Energy audits open the door to savings
by: Paul Kando
The lazy days of summer are just beginning, but now is the time to emulate the squirrels who will be collecting acorns for winter and consider having an energy audit done on your home.
The average Maine house consumes 850 gallons of heating oil during a typical winter. Last winter the average cost of that oil came to $2,210. An energy audit can help identify ways for homeowners to realize significant savings in heating costs.
An energy audit should be a source of good independent advice, not a bid package. If your auditor wants to be your contractor as well, weigh the possibility of conflict of interest. Report in hand, look at those recommendations carefully. You should understand them and the reasoning behind them. If you do not, ask questions until you do. Buildings are complicated systems.
Consider what you can do yourself: caulking, installing window inserts, insulating - none of this is rocket science. You will be pleasantly surprised how much a person with average skills can accomplish. Hire help for tasks you don't feel up to doing, but make sure you are in charge, not your contractor. You will get better results and save money.
The average energy audit by MGC (Midcoast Green Collaborative) Energy Audits identified typical energy saving opportunities on the order of 55 percent. The savings were realized through simple weatherization measures with a payback (from savings on the fuel bill) of less than seven years. This means the average home owner can save $1,260 annually by implementing an audit's recommendations. Over seven years, those savings will total $8820 if there is no price inflation. Forecasts generally predict an average price inflation of 6.81 percent per year, however. Factoring this in, the savings will total $10,458.
If an energy audit costs, on average $400, there is over $10,000 left to pay for weatherization over seven years, at the end of which your energy bill is permanently reduced by 55 percent.
Factor in, however, that in our experience about 10 percent of those energy savings will cost nothing or very little to realize. For instance, turning down your water heater so that it delivers water at no higher than 120°F costs nothing. To equip a window with a double-glazed interior storm window insert costs only $15 to $18, a tube of caulk $3.50 to $6.00 and enough foam rubber gaskets with which to seal all leaky electrical outlets and switches cost under $25. You do the numbers and see if an energy audit is worth the price.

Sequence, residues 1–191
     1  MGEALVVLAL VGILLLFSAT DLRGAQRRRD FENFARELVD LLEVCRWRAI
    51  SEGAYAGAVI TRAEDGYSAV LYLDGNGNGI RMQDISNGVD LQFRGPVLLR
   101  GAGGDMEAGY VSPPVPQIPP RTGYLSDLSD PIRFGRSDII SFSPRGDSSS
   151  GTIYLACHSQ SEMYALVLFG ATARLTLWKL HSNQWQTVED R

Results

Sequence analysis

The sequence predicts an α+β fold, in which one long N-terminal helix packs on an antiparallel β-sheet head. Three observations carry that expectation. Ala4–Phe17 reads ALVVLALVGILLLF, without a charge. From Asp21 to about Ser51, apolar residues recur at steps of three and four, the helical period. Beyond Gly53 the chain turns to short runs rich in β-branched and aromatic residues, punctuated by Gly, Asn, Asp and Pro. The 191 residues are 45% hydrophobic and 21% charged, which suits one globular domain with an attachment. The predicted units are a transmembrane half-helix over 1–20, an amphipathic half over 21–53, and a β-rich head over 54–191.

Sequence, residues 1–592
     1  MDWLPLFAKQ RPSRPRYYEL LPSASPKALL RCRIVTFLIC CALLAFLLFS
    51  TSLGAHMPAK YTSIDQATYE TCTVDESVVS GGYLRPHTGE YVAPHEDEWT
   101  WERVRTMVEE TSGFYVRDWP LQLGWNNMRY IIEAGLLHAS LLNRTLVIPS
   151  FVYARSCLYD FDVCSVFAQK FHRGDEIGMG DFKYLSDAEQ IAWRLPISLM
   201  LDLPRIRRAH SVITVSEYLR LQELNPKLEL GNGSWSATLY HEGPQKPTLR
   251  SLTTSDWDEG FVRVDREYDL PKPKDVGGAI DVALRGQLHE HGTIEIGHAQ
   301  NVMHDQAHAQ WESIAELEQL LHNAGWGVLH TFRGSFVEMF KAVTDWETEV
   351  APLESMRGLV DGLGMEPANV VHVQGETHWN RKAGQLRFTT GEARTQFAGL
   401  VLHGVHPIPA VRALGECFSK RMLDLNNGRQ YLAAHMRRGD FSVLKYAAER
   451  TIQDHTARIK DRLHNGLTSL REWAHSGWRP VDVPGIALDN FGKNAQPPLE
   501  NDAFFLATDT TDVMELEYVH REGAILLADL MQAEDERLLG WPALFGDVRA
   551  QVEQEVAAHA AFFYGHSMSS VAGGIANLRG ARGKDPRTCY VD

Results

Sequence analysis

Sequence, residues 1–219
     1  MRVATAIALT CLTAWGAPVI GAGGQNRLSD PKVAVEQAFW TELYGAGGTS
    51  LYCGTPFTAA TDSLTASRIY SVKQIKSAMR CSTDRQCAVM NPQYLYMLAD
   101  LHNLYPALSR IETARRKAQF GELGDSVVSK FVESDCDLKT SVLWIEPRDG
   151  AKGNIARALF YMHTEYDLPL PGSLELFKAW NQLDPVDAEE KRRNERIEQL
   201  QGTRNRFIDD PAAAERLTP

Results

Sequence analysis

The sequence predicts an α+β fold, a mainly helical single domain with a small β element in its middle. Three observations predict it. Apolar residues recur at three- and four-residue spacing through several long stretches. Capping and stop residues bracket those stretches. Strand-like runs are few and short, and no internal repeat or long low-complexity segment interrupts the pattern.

Here is an example of a 100 percent do-it-yourself energy upgrade accomplished over a four year period of a typical 1800s house that went through a number of renovations over decades. The idea is to do all the rehab work during the warm months, then recover the material costs from fuel-bill reductions during the ensuing winter. The tasks, spread out over four summers, included installing window inserts, blowing cellulose insulation into walls and between floors using rented equipment, sealing and insulating the basement ceiling, insulating pipes and ducts, sealing the attic and increasing attic insulation to R-60 and installing a heat recovery ventilating system.
Total materials costs come to $5,709. This cost was fully recovered from oil bill reductions totaling $6,466 over four winters. Note that because the work is spread out over four years, these home owners never advance more than $1,400 in new cash. The house, burning 854 gallons of oil to begin with, ends up with a fuel use reduction of 580 gallons, leaving an annual heating oil demand of only 274 gallons - a 70 percent reduction.
How much will you pay for oil or propane next winter, and the next, and the next?